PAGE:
Our memory can be quite unreliable at times. There are things from years ago that I can recall so clearly (as if they happened just a few days ago), and there are things I wish I could remember, but the events seem blurry in my mind’s eye.

Our recollection of people, conversations and events both reveals our perspectives and reinforces them.

Just recently, I created our family yearbook for 2020. These books are one way that I preserve memories. I enjoy both the process and the final product. As I go through all the photos from the previous year, I am reminded of the joyful times, difficult times, unexpected times, planned times, and special times. I use the process of creating these books to reflect, express gratitude, and seek healing. The final product of the printed yearbook arriving in the post causes great excitement, especially for my daughter and son who I often find on the couch looking through the books. It reminds them that they belong to a family, a community, and to a story – that their part matters.

The Art of Remembering is something that needs to be taught and learned as followers of Jesus Christ. 

During the Last Supper, Jesus modelled for His disciples the integration of gratitude and intentional remembering.

And he took bread, and when he had given thanks, he broke it and gave it to them, saying, “This is my body, which is given for you. Do this in remembrance of me.”

Luke 22:19 ESV (emphasis added)

King David reveals how he intentionally remembers the past and specifically reflects upon everything the Lord has done.

I remember the days of old; I meditate on all that you have done; I ponder the work of your hands.

(Psalm 143:5 ESV (emphasis added)

As followers of Jesus, we also need to integrate thanksgiving and remembrance as part of our practice as disciples. A commonly known expression of this is receiving communion within a church service or a small group of believers. However, here are some practical ideas that could help you to cultivate The Art of Remembering in your everyday lives:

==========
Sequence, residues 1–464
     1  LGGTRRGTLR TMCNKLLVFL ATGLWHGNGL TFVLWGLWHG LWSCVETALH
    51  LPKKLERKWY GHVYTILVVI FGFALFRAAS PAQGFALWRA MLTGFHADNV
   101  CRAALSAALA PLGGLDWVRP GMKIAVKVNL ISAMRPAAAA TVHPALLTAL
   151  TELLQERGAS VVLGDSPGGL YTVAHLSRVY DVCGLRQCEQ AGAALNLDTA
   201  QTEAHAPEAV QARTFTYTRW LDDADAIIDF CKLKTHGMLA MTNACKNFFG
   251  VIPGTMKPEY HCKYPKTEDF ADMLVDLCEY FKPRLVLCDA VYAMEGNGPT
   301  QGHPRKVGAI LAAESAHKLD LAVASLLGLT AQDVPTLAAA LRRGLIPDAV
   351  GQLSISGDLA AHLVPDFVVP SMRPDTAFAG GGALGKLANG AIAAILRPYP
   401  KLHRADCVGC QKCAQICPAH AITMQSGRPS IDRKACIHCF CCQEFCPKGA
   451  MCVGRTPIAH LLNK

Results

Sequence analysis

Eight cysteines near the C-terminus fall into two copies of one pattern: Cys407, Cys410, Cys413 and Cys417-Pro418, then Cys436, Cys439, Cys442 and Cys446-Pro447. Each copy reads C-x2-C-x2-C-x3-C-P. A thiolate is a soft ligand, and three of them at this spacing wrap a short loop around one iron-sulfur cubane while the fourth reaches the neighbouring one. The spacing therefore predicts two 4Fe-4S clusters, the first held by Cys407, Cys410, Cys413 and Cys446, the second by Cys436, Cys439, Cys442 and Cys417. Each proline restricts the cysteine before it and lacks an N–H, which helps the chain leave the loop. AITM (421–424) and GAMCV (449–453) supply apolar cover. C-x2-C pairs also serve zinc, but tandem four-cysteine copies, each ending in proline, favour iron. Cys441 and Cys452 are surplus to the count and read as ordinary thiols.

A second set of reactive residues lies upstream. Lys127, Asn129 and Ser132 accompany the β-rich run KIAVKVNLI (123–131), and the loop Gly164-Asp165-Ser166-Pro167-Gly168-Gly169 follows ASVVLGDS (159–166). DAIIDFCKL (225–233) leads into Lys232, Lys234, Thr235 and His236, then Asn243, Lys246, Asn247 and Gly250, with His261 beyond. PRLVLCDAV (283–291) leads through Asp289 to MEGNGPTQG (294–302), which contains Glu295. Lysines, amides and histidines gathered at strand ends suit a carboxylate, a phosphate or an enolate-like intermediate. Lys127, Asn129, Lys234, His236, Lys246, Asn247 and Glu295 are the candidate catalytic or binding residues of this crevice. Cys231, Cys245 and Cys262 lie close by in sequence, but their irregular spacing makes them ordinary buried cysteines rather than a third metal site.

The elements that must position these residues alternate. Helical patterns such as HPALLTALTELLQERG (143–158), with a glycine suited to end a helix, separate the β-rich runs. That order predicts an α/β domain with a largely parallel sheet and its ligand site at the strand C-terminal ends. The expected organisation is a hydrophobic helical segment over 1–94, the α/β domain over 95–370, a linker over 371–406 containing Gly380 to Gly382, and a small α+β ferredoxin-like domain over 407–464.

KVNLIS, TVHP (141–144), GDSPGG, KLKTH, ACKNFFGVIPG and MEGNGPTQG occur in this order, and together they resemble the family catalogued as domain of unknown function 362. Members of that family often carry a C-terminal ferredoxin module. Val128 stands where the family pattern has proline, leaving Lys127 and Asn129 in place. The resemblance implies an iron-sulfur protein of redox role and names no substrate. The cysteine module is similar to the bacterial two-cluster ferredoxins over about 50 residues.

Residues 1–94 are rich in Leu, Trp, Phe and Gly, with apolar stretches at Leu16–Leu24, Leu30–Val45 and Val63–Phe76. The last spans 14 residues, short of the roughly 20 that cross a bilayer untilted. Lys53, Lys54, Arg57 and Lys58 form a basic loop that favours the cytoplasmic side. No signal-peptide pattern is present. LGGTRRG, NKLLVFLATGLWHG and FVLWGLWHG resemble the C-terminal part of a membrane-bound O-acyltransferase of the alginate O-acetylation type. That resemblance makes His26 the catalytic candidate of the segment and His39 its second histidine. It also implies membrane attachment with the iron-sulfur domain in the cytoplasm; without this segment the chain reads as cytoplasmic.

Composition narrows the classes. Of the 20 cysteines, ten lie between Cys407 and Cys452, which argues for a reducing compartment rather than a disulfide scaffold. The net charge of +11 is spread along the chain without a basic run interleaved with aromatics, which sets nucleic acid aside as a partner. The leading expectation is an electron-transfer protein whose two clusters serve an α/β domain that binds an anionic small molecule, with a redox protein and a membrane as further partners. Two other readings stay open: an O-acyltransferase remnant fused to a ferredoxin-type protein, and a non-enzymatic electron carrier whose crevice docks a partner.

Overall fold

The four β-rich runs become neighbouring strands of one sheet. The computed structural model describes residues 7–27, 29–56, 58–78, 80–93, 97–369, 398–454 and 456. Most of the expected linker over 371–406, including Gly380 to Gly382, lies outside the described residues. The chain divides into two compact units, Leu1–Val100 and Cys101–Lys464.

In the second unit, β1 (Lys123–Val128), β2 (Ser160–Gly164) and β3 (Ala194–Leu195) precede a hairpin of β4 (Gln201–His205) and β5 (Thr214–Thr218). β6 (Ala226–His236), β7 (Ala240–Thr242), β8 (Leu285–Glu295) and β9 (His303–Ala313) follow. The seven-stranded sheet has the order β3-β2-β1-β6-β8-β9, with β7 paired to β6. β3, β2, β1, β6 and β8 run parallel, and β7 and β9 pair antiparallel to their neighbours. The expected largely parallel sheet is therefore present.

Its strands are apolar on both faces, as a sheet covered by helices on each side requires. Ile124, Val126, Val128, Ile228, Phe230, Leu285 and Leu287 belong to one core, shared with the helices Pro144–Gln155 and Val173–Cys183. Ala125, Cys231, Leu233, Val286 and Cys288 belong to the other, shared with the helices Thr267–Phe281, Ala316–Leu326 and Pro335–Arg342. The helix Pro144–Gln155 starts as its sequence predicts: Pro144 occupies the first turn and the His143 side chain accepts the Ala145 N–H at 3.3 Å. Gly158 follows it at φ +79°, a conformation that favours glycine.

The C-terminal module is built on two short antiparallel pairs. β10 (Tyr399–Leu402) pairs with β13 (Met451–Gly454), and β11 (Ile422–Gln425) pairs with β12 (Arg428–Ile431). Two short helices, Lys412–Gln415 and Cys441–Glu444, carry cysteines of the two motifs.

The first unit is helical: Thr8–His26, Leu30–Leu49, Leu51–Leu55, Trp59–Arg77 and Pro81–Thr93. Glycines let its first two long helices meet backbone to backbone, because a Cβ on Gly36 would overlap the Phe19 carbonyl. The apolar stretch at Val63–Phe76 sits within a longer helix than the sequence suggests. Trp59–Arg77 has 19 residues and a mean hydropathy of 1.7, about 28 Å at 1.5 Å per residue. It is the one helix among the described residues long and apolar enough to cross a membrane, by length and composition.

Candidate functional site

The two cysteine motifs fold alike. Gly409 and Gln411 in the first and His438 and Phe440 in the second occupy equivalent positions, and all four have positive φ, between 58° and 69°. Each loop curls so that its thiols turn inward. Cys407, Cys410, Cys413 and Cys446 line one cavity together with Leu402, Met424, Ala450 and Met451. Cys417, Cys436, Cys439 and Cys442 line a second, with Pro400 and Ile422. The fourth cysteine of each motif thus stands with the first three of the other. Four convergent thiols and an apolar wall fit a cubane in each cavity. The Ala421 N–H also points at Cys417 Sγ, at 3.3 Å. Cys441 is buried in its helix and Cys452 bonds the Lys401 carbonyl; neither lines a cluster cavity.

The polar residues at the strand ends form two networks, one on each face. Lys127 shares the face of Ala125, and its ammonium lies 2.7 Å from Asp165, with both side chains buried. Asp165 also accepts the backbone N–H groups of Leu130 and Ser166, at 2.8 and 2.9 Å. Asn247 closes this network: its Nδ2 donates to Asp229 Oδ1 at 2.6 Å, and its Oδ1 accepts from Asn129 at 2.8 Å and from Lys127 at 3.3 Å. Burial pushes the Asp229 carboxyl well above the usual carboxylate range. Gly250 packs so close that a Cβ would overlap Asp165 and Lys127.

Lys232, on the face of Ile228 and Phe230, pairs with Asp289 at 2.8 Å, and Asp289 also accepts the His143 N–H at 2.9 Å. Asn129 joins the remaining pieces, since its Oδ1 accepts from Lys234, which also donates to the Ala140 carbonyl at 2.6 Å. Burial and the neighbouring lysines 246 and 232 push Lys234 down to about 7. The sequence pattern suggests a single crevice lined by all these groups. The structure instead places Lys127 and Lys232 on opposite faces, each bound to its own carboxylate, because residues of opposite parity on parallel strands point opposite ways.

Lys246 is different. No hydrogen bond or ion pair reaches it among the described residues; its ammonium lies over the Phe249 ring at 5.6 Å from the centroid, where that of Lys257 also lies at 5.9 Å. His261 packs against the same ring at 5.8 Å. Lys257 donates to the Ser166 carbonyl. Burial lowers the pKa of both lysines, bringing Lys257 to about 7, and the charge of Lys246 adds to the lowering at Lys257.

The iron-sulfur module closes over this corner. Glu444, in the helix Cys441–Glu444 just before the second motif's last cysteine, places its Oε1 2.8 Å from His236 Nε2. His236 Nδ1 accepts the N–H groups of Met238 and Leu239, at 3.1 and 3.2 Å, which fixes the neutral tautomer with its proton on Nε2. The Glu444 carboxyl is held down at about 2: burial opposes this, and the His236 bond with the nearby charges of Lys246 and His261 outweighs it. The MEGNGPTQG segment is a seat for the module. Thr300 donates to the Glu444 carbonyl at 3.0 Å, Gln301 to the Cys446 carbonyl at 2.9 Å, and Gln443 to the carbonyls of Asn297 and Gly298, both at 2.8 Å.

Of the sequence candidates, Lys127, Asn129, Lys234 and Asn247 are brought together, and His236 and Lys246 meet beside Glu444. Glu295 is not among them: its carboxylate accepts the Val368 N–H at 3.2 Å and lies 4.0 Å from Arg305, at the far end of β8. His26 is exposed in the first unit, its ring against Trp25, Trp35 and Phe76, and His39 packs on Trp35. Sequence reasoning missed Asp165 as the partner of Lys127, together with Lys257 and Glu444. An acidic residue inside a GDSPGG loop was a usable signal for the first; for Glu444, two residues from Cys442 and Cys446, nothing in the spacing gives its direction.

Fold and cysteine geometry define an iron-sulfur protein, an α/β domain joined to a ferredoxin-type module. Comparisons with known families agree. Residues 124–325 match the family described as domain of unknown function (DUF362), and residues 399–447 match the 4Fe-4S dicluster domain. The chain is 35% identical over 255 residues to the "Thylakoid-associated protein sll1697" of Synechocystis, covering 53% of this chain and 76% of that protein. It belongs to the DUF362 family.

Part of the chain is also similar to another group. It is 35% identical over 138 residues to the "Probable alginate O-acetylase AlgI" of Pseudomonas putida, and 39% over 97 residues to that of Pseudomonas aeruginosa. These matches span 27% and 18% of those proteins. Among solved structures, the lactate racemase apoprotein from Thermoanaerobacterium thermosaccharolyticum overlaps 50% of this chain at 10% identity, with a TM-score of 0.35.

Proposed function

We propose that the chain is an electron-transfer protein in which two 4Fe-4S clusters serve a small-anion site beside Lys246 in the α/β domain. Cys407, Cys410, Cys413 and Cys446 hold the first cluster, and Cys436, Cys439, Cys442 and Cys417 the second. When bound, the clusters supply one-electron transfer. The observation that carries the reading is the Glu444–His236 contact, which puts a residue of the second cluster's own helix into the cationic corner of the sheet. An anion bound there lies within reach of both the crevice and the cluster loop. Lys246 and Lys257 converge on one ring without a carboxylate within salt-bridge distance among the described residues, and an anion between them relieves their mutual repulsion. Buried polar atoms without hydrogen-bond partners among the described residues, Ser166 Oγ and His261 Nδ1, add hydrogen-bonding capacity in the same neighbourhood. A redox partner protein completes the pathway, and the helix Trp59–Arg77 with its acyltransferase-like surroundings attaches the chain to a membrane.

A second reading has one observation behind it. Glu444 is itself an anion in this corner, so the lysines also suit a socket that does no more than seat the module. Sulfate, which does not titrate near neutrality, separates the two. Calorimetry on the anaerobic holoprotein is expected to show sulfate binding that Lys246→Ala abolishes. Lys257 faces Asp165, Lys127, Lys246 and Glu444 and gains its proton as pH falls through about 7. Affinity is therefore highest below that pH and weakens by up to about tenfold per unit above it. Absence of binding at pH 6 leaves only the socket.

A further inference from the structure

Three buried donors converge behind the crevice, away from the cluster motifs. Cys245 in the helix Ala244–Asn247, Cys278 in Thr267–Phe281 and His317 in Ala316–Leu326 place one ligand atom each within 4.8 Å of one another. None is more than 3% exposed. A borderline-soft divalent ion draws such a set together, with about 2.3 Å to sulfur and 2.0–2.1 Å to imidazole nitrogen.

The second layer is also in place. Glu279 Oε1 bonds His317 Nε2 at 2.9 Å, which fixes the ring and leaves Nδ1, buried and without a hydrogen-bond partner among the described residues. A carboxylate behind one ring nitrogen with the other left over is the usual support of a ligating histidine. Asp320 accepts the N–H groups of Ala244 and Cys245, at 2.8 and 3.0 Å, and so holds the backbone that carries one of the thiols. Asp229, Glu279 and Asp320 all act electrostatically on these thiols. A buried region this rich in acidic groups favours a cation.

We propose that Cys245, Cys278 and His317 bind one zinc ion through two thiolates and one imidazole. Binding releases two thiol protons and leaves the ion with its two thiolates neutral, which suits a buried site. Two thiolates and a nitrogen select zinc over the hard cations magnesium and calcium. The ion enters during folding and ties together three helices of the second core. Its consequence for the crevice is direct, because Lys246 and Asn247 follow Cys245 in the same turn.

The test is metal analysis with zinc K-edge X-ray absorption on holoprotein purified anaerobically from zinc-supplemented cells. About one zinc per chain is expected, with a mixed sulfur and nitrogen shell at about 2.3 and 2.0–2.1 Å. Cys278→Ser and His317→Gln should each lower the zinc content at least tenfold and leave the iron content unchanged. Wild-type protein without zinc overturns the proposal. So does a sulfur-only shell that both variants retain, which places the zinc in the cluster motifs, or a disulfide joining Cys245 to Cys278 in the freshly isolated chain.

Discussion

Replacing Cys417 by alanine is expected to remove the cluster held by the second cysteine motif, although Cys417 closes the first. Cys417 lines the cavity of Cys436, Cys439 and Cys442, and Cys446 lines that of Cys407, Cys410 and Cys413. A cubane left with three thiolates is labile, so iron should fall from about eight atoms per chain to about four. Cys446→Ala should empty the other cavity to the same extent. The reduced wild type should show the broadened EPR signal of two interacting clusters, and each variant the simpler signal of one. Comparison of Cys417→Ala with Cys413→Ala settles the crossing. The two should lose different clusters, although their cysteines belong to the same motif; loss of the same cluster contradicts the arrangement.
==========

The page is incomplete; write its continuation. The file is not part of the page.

• Keep a gratitude journal or list: each day or each week, take note of some specific things for which you are thankful to God (big things and little things).
  • Keep a record of answered prayers: we are quick to cry out to God when we have a need, but do we remember to thank Him and share with others the joyous news of our answered prayer?
  • Creatively preserve memories: as I shared above, I make an annual family photo book. What could you create that reminds you of the faithfulness of God in your life? Maybe you could paint a canvas, keep a sketchbook of drawings, compose music or collect items that represent an event or season in your life that you keep on display.
  • Share your stories: whether through conversations or social media, give your testimony of what the Lord has done in and through you life.

What other ideas do you have to cultivate The Art of Remembering? Please share them in the comments – it will be a huge help to me and other readers!


  • Tenna says:

    Some use a jar. They fill it throughout the year with every good thing that happens. And then, at the end of the year (or on a bad day), you pull it all out and go through all the good things that has happened.

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